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Nutrition and Wellness Programs


This page is designed to provide school food authorities (SFAs) with information regarding the proper procedures to be used in the procurement of contracts for foods and goods (not meal services contracts) in the School-Based Child Nutrition Programs. Numerous references and resources are also provided.

The Code of Federal Regulations (CFR)


  • 7 CFR Part 3016 Uniform Administrative Requirements for Grants and Cooperative Agreements to State and Local Governments
  • 7 CFR Part 3017 Governmentwide Debarment and Suspension (Nonprocurement) and Governmentwide Requirements for Drug-Free Workplace (Grants)
  • 7 CFR Part 3018 New Restrictions on Lobbying
  • 7 CFR Part 3019 Uniform Administrative Requirements for Grants and Agreements with Institutions of Higher Education, Hospitals, and Other Non-Profit Organizations

For further information, refer to the following questions and answers.

General Procurement Requirements

All procurement transactions must be conducted in a manner that provides maximum open and free competition.  Procurement procedures must ensure they do not foster noncompetitive practices between firms, do not create organizational conflicts of interest, and do not restrict or eliminate competition.  Procurement must not place unreasonable requirements on firms, require unnecessary experience, or establish unrealistic bonding requirements.  Cost plus a percentage of purchase is not an allowable system.  There must be descriptions of all products purchased and identical instructions provided to all potential vendors.

Formal standards of conduct should govern the performance of officers, employees, and agents in the award and administration of contracts.  These standards should provide that officers, employees, or agents should not solicit nor accept gratuities, favors, or anything of monetary value from contractors, potential contractors, or parties of sub-agreements.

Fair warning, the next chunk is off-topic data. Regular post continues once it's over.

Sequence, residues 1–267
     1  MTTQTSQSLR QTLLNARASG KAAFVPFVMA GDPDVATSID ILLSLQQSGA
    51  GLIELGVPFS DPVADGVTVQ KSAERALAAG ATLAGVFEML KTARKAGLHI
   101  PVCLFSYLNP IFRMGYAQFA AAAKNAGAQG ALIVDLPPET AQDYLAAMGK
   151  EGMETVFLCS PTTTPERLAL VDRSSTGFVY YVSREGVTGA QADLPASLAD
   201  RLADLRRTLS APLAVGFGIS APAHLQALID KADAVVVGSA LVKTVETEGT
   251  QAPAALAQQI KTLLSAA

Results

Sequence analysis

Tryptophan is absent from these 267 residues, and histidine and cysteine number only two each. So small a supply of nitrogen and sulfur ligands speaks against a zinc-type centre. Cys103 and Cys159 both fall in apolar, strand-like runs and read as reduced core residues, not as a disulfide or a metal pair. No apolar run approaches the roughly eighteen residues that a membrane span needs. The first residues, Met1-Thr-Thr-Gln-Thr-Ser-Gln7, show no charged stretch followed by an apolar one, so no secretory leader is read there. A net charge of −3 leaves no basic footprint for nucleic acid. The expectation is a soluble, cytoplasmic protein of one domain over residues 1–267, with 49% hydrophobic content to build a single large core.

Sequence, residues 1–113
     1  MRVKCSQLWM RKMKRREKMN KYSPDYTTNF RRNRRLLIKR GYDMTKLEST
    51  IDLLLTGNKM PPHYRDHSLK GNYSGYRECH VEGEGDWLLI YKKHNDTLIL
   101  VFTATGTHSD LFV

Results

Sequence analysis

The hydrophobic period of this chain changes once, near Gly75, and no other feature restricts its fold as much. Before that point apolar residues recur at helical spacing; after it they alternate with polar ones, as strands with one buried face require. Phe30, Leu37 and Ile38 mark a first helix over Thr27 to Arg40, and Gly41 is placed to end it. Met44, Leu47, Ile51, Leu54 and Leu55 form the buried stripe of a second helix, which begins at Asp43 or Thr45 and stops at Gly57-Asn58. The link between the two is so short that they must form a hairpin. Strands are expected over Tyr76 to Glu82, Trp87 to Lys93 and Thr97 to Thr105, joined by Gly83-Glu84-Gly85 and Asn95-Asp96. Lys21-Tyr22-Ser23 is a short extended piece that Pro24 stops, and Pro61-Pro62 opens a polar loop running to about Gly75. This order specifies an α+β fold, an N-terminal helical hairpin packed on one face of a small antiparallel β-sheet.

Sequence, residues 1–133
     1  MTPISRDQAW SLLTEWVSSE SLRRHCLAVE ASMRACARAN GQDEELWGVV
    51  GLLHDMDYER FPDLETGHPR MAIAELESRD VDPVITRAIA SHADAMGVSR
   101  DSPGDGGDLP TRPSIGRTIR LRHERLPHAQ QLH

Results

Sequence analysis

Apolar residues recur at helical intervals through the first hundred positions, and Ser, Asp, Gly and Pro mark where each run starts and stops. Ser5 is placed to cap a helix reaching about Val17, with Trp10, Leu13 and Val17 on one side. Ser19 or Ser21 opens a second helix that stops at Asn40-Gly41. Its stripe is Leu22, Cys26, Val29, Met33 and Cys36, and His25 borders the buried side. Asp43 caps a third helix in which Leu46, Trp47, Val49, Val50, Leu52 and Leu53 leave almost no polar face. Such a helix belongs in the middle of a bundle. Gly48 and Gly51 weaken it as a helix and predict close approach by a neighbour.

Competitive Sealed Bid Requirements 

Federal regulations require SFAs receiving federal assistance to competitively purchase food, supplies, equipment, and services when the aggregate amount to be purchased is in excess of $150,000.

NOTE:  For public schools only, the Illinois School Code states that all purchases, except perishable food and beverages in excess of $25,000 (or a lower amount as required by district board policy), must be competitively bid and awarded to the lowest responsible bidder.  The $25,000 level refers to aggregate purchases on an annual basis.

The chart below details when formal competitive bidding must be conducted.

TYPES OF ITEMS
ANNUAL AMOUNT OF PURCHASES
Milk or fresh dairy products In excess of $150,000
Fresh bread In excess of $150,000
Fresh produce In excess of $150,000
General groceries In excess of $150,000
Vended meals In excess of $150,000
Supplies In excess of $25,000
Equipment In excess of $25,000

The $150,000 amount is determined by examining the manner in which food has been purchased in the past. If using vendors that supply only one particular type of product, such as bread, milk, or meat, the competitive bid process must be implemented when the annual amount of purchases is in excess of $150,000 per type of product.

When multiple vendors, such as full-line vendors, supply various items such as canned, frozen, and dry goods, the total annual purchase amount for all the vendors must be added together. If this amount is in excess of $150,000 annually, the food must be competitively bid. However, if supplies, equipment, or any non-perishable food/beverage items are purchased from the full-line vendor in addition to the food/beverage items, the $25,000 threshold becomes applicable. In other words, if paper goods and/or cleaning supplies are purchased from the same vendor that supplies canned, frozen, and/or dry goods, a formal competitive sealed bid must be used if the total annual amount for all foods and items purchased is over $25,000 (instead of $150,000).

Competitive Sealed Bid Procedures

The following procurement procedures must be implemented to ensure compliance with federal and state regulations and statutes. The SFA should also seek the advice of their legal counsel regarding local regulations and policies.

Informal Bid Procedures

If the purchases do not exceed $150,000 (or $25,000) as described above, informal bid procedures may be used. The following steps should be part of the informal bid process:

Geographic Preferences